Audio equipment maker Sonos has won a legal victory in its legal battle with Google, as a US trade judge found that some Pixel smartphones and Nest speakers infringe on Sonos’ technology and could be barred from import.
US International Trade Commission Judge Charles Bullock found Google infringed on five patents related to audio synchronisation, adjusting volume and connecting to Wi-Fi.
The initial decision, which still faces several hurdles before it can go into effect, could give Sonos a boost as it presses Google to strike a royalty agreement, which industry watchers say could be worth up to $50 million (£36m) annually.
“This decision re-affirms the strength and breadth of our portfolio, marking a promising milestone in our long-term pursuit to defend our innovation against misappropriation by Big Tech monopolies,” said Sonos chief legal officer Eddie Lazarus.
Google has denied Sonos’ claims and says it independently developed the technologies it uses.
“We disagree with this preliminary ruling and will continue to make our case in the upcoming review process,” Google stated.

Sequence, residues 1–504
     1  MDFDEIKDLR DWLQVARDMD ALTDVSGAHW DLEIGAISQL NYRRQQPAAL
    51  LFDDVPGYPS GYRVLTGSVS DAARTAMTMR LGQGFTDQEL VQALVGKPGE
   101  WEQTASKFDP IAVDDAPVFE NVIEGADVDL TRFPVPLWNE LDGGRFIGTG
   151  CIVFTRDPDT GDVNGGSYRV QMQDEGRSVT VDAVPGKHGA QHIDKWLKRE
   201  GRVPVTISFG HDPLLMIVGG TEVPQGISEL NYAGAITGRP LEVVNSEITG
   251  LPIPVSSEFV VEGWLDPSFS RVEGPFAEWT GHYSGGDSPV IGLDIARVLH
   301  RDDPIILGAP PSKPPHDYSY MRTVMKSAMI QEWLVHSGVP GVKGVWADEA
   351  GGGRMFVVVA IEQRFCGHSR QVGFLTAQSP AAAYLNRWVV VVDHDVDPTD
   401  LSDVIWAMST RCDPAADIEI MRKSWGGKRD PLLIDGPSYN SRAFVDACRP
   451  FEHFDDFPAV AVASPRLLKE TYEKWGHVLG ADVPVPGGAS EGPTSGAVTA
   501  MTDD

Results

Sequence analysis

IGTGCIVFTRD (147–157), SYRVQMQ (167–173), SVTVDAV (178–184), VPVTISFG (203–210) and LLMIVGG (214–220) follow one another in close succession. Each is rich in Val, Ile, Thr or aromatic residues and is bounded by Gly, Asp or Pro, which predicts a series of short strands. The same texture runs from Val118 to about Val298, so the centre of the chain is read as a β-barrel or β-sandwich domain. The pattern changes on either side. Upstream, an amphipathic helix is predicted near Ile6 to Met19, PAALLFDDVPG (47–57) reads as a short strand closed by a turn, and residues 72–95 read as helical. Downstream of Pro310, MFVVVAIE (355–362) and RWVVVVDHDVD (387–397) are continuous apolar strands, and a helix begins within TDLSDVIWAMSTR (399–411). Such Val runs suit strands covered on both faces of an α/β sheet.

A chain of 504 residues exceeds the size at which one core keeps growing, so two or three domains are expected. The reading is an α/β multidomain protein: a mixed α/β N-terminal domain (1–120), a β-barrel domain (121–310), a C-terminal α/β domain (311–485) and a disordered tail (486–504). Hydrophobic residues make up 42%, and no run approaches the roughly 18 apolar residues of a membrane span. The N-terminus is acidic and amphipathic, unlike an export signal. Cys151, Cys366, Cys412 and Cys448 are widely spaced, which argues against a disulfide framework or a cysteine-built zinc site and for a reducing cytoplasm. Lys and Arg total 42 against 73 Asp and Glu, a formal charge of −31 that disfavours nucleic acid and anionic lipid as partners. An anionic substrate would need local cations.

Sonos, founded in 2002, has seen sales skyrocket during the pandemic as people upgrade their audio systems, and reported $1.34bn in sales during its latest fiscal year ended 3 October.
But it faces increasing competition from tech giants such as Amazon, Apple and Google that also make their own proprietary voice-assistant technology.
Lacking its own voice assistant, Sonos has been forced to license those of Amazon and Google, which it continues to sell in Sonos speakers, even as it battles Google in court.
The speaker maker reported a $20m loss last year.
Sonos has participated in recent regulatory attacks on large tech companies, testifying before the Senate that they subsidise products to gain market share and use the data they collect to increase their market power.
The company has also launched a number of legal attacks against Google over the past year, including cases in California, Texas, France, Germany and the Netherlands.
The ITC judge’s decision must be reviewed by the full commission, which can accept or modify it, with a final decision due in December.
The US Trade Representative can then accept the ruling or veto it out of public interest.
Any ban would not be introduced until early next year, and would have a minimal financial effect on Google, for which hardware accounted for only 12 percent of its $182.53bn in total revenues last year, with the bulk of sales derived from advertising.
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